Growing up in church, I noticed that even though female leaders were crucial to my learning experience in Sunday school or bible studies, they wouldn’t be allowed to preach on Sunday mornings. I feel fortunate and grateful for those female leaders that I had to guide me, but I saw how limited they were in their roles. Women weren’t on the board or elders or pastors. Why was that?
As a teenager, I finally heard a female pastor speak while at a Christian summer camp, though she only led an early morning bible study, not the main service. I thought she was so awesome, and I remember wishing there were more female pastors because it wasn’t a perspective I had heard from in a position of authority. Though I haven’t gone on to become a pastor, it was the first time I considered that as an option.
In college, I started to learn about feminism, and unlearning the stigma that go along with that word. It’s not about hating the men or the world, it’s about seeking equal opportunities for everyone and dismantling gender roles. In learning more about it, there was a point where I wondered if being Christian and being Feminist were mutually exclusive. I wondered this because feminism stands for all women, but there are churches that aren’t accepting of all women.
Christian Feminism is much needed because I hate that the first question that comes to mind when I go to a new church is: “I wonder what their stance is on women.” Do they ordain women to be pastors? Do they regularly invite female speakers to preach on Sundays without their husbands beside them? Are women only needed in volunteering with children? Occasionally you’re able to find this information on a church’s website in a section appropriately labeled “Women in Church” – usually only included when a church does ordain women. I’ve heard stories of female pastors who faced so much adversity in becoming pastors, and even more difficulty in getting hired as anything besides a Children’s Pastor. I’m sure that’s a difficult process when our society is moving forward and breaking gender norms, yet the Church strongly adheres to them – knowingly and unknowingly.
The next question I have is: “How do they feel about the LGBTQ+ community?” In a place that talks so much about love and acceptance, it stings when there’s hints dropped that the love doesn’t extend to them. Or it does, as long as they rid themselves of their “sin”. I’ve been to a church where they showed a video of a woman telling her story of how God helped her through her struggle with sexuality, how she used to be lesbian, but now she’s free. I can’t imagine how harmful that must be to hear to anyone in the congregation who could be there searching for love and acceptance of who they are, and instead are told they must change their identity to be loved.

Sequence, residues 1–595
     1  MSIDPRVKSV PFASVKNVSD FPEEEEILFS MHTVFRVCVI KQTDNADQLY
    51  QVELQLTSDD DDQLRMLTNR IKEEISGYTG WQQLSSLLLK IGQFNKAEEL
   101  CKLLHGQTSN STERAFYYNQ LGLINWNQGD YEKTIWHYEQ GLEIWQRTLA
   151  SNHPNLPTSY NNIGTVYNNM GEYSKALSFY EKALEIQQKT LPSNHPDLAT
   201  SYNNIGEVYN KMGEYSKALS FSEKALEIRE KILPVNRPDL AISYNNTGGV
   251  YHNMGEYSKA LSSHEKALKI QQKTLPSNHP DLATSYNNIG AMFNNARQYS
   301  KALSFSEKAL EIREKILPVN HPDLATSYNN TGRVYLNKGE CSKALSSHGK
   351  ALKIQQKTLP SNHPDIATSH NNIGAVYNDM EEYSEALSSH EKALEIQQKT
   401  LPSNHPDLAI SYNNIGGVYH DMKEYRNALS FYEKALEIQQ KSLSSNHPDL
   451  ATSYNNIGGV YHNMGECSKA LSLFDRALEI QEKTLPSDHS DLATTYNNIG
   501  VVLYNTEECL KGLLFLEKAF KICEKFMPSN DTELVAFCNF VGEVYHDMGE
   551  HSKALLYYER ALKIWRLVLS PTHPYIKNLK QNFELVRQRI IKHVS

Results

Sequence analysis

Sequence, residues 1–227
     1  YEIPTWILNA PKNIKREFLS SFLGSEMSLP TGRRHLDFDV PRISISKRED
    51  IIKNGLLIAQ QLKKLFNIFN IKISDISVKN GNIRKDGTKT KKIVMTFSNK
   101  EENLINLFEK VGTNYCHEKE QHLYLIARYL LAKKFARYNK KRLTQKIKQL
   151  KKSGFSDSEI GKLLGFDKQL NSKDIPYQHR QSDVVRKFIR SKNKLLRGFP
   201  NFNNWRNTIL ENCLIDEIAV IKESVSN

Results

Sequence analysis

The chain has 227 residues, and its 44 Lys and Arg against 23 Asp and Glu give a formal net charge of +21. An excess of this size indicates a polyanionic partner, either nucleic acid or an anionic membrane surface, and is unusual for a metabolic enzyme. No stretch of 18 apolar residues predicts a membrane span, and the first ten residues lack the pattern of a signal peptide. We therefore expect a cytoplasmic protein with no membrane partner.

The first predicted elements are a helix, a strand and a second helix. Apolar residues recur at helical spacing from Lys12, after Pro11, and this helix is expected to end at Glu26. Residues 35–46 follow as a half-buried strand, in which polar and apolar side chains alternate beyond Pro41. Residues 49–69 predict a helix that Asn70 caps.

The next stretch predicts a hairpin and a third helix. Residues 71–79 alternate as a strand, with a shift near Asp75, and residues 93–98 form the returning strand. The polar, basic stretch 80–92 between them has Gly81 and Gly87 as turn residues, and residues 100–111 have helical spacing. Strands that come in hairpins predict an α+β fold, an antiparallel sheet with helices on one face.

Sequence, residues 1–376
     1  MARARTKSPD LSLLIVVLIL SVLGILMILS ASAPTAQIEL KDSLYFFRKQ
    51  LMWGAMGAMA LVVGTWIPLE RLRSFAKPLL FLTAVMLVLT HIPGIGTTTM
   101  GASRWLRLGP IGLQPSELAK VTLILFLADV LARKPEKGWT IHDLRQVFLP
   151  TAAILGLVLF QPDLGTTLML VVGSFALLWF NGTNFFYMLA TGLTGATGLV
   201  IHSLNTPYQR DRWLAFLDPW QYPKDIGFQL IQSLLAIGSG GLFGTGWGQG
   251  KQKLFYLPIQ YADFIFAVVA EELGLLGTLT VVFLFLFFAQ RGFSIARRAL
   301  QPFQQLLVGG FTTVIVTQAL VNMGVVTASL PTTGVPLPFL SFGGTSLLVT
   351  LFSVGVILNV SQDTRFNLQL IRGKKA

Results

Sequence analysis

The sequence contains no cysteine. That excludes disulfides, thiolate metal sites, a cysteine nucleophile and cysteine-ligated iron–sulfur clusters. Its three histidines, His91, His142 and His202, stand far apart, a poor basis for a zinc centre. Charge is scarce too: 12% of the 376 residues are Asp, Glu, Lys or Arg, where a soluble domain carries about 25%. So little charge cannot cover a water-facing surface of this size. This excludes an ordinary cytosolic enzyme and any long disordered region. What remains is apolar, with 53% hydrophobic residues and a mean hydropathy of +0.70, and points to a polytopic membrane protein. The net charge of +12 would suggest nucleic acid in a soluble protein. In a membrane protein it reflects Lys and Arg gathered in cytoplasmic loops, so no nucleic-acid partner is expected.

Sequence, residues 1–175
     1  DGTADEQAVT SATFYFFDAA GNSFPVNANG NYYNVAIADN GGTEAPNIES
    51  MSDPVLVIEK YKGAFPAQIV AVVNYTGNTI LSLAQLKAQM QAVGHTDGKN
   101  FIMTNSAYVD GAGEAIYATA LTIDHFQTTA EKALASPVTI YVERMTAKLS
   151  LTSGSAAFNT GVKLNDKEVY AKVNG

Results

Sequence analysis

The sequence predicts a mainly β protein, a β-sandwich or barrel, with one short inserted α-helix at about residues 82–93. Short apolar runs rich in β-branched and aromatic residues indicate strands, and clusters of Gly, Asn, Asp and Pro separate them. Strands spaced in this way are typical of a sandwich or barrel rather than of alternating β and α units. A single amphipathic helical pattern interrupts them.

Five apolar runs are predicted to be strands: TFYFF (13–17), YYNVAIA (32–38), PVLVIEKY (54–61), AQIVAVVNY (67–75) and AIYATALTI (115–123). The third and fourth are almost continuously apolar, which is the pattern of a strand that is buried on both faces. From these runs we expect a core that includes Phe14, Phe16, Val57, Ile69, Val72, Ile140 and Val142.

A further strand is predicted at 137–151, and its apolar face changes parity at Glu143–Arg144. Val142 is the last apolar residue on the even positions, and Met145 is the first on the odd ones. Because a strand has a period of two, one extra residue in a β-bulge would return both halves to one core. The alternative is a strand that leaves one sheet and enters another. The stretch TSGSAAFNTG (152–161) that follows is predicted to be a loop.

Intersectional feminism seeks to uplift all women. This includes women of color, disabled women, LGBTQ+ women, and any other minority or oppressed identity. The biggest problem I have with the merge between being Christian and feminist is the lack of intersectionality, though sometimes it doesn’t extend beyond cis straight white women. Often women of color, or any other identity, have to become a separate category from just ‘women’ because of the lack of inclusion, which shouldn’t be the case.
How then am I able to call myself both feminist and Christian? Because all women deserve to be uplifted and loved, and at it’s core, that’s what the two have in common. More feminism is needed in the church because as much as it’s been preached that we’re all equal, there are times the church doesn’t completely convey that. Women in the church, no matter their identity, should be empowered to follow the calling on their lives, even when it’s becoming a pastor.
Cover Image by Jodeci Zimmerman